This should be invisible

QR code menu

Toronto is still divided over digital menus despite their benefits

Toronto's restaurant scene has drastically changed since 2019. From a change in how we eat, where we (can) eat and even how we order our food.

Around this time last year when you opted to eat out at a local restaurant, you probably had to pull up a menu on your phone by scanning a QR code from a tabletop sign or sticker.

This process eliminated unnecessary contact with a physical menu which helped businesses with doubling down on facilitating touchless service during the pandemic. 

QR code menu

Many operators employed a QR code for customers to use during the pandemic. Photo by Hector Vasquez at Answer Tea.

As restaurants got increasingly busy with customers as protective measures dropped, QR menu codes gave understaffed employees a moment of respite.

But as our world attempts to return to a place of dining 'normalcy,' are QR codes here to stay?

For some restaurants, the answer is yes. For others, it's a bit more complicated of an answer than you would guess.

QR code menu

The QR Code coaster at Ration Beverly brings up their digital menu. Photo by Renee Suen. 

Opened in November 2022, just months before Ontario's final lockdown, refined dining restaurant Ration Beverly at the Sonder The Beverly welcomed their clients with a seasonal and locally-sourced menu that's accessed through QR code.

Ration Beverley aims for a zero-waste operation and opting for a digital menu instead of paper helps to meet that goal.

"We change our menu on a daily basis and only offer seasonal produce. Having a QR menu allows us to literally make changes daily and it wastes no paper or ink," said Wes Barber, co-founder and general manager.

But what do customers think?

Diners who are visually impaired might prefer a QR menu because they can zoom in and brighten text on their own phone.

Have you ever gone out to eat in a mood-lit restaurant and - let's say - your mom has to turn the flashlight on her phone to read the menu? (Hi, mom!)

QR codes eliminate those embarrassing moments. (As long as your mom can figure out how to open the code in the first place.)
QR code menu

Ramen Buta-Nibo on Danforth Avenue has a QR code sticker on their tables that customers can use to access their digital menu. Photo by Fareen Karim.

Jordan Milks, a server and bartender with years of experience under his belt at Toronto bars and restaurants (including Pauper's Pub, Duke's Refresher and the Loose Moose) said that while a majority of customers had no problem with QR codes, others weren't so keen.

"It's around 70 per cent who love it, but a good chunk of people still preferred having the paper menu," he tells blogTO.

Whether it was a technological or visual impairment situation, Milks has seen all possible situations.

"For some customers, it's the tactile feel of the menu they miss."

Ask for his perspective as a dedicated staff member who often worked with an understaffed team, having lamented or physical menus that had to be carefully wiped down back-to-front after each use took away precious minutes from taking care of customers.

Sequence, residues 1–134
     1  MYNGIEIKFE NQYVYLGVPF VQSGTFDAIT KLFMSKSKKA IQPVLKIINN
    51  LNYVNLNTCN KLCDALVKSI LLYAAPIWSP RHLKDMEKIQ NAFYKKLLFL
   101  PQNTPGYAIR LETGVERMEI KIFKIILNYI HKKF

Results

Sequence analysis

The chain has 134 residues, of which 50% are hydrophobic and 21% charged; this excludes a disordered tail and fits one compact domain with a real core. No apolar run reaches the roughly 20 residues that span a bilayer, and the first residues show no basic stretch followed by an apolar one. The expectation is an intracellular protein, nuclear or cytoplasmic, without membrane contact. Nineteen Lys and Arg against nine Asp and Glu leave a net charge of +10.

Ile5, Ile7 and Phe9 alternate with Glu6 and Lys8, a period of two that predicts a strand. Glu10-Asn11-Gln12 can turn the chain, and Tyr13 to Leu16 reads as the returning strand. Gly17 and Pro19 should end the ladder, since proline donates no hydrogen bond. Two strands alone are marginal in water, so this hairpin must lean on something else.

"There are definitely benefits to QR codes, mostly because it's relatively convenient, especially when we have to wipe down menus in between seatings. At busy times those extra seconds very much matter," he said explaining that a table of five people means there are five menus and a cocktail menu to clean thoroughly without missing any nook or cranny.

QR code menu

The only paper menus at Superfresh are part of the eclectic decor which features printouts of old menus or takeout menus.  Photo by Renee Suen.

But there are some places that simply cannot operate using paper menus. Take for example Superfresh on Bloor Street, an Asian night market-inspired food hall.

With seven vendors housed within the 4,000-square-foot food space, it isn't only inconvenient but highly inefficient to provide each customer with seven menus - which often change week by week.

That's why Superfresh has its own QR code system in place, where customers can order from the same digital menu, sending orders back to the kitchen.

Though it sounds very straightforward, business partner Trevor Lui says it's far from easy for people who don't like technology or don't understand it.

"There are some people who only want to see a paper menu because they don’t want to navigate any technology or they think their proprietary info is being stolen or being stored," he told blogTO. 

When a situation like this arises, Lui says that customers who don't have a phone or who aren’t tech-savvy can still order. Staff will work with customers to walk them through options and help them place the order themselves.

But even though a majority of customers enjoy the system, Lui is working on smoothing out any bumps, making sure each and every customer has an enjoyable experience.

"Even if it's only five out of 100 customers who are unhappy [with the system], that is still five customers who [might not] come back," he said. 

This is why the system may be slightly tweaked in the future, toying with more "intentional offering methods."

QR code menu

Some restaurants, bars and cafes have always used chalkboards instead of paper menus such as Bernhardt's on Dovercourt. Photo by Renee Suen.

So despite your stance on physical menus or QR codes, it's safe to say that they'll be sticking around in the future.

There also isn't any cause for concern; I guarantee a restaurant won't turn you away just because you prefer a physical menu. After all, a customer is a customer at the end of the day.

Lead photo by

RC Coffee


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